Paul, I'm sorry, I think I'm missing a big concept here, but I still don't get it. I think the fact that I commented out getList() call from printNames just proves my point, not disproves it.
So I left printNames(String s) completely empty. If I remove static keyword - it doesn't compile (with the error in second example above). If I add static keyword - it does. How can it be said, then, that compilation error is NOT due to non-static reference from a static context?
The compiler doesn't even see the method unless it is made static.
The necessity to comment out getList () was just a waterfall effect - when getNames became static - then it in turn started making a non-static reference to getList. I added System.out.println(getList()) back to static printNames and tried to recompile, and got the following error:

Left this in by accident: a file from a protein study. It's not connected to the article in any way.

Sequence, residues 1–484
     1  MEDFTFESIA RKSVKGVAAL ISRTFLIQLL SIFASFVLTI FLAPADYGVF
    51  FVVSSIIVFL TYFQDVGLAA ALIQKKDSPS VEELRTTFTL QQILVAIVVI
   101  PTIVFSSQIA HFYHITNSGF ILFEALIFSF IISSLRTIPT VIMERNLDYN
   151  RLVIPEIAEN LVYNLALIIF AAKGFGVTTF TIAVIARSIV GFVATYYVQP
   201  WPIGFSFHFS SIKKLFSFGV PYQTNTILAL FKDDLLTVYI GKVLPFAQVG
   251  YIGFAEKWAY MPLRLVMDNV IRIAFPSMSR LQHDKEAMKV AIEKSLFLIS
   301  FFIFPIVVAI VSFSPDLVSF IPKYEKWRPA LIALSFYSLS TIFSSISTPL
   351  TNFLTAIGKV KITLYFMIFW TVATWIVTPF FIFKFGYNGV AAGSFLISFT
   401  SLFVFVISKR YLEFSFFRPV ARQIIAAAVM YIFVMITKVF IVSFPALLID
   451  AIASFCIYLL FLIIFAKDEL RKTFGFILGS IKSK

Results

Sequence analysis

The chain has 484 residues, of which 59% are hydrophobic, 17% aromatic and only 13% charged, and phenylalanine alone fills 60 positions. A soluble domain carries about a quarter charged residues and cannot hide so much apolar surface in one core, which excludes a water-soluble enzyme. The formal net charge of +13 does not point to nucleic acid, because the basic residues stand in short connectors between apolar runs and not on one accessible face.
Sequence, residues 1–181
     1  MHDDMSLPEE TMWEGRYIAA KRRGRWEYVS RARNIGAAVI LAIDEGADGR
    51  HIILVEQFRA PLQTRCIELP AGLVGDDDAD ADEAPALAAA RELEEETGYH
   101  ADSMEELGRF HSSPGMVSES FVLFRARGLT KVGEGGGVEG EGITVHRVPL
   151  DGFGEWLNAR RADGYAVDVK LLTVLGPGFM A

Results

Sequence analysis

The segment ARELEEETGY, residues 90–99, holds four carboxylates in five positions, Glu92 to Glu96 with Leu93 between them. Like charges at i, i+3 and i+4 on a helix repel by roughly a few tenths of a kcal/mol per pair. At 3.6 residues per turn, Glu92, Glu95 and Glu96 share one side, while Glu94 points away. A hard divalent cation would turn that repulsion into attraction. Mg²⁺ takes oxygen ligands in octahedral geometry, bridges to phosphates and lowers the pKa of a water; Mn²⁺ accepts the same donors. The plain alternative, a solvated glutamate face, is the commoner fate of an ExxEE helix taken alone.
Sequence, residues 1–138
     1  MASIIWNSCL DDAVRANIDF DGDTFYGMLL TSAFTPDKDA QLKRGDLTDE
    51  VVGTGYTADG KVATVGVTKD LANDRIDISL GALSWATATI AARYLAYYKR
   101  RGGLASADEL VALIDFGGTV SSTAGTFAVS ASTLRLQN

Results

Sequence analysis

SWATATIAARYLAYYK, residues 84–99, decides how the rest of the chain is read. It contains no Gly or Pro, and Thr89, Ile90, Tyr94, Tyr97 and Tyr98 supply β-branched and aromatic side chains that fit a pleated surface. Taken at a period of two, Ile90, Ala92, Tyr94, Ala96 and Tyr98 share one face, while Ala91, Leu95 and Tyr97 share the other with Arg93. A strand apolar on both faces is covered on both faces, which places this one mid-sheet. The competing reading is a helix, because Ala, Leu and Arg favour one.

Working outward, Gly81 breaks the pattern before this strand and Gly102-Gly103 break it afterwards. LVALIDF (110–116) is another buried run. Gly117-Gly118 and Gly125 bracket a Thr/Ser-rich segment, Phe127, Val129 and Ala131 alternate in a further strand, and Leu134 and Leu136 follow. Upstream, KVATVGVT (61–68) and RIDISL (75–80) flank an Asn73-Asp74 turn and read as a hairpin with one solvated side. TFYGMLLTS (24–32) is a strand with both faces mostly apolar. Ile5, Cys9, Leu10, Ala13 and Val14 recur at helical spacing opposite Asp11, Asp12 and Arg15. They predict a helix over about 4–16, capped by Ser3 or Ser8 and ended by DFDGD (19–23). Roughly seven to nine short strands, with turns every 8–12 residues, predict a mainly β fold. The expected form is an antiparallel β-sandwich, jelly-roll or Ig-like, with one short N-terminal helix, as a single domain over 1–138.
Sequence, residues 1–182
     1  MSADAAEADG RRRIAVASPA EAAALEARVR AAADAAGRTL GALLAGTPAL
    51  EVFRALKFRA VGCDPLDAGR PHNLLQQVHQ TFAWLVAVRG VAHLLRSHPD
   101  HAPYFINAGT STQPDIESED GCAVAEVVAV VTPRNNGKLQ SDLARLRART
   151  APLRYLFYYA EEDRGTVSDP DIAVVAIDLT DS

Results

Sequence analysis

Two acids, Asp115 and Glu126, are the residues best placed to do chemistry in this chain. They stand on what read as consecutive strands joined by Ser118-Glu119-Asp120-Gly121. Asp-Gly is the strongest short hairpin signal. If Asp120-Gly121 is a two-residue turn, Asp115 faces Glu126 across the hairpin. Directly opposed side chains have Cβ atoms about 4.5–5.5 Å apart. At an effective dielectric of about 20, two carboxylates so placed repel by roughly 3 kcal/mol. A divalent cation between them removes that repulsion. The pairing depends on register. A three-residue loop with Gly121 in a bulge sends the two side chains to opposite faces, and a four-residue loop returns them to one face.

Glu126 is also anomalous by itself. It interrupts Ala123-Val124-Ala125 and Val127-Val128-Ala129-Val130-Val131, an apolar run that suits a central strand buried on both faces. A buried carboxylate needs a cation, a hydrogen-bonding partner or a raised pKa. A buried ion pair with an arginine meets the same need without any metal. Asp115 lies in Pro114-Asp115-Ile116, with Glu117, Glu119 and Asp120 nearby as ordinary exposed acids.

error: non-static method getList() cannot be referenced from a static context
Now there is a more direct message.
I agree with your general statement, that
It is possible to reference a non-static method from a static method as long as you are invoking the non-static method on a valid object reference.
After all, the static main method is successfully calling getLest() on the non-static TestClass reference it just created. However, I do not think that forEach does something similar, in this case anyway. If it had, then indeed non-static printNames could have been invoked on an element. And the presence or absence of any method body in printNames would have been irrelevant - after all, it would just be a method call. But the compiler is not allowing a non-static call to printNames, so method reference to a non-static method is not allowed in a static context, even though it will be applied to a valid non-static object reference returned by forEach.
I hope that wasn't too confusing. Thank you for reading and working through this with me!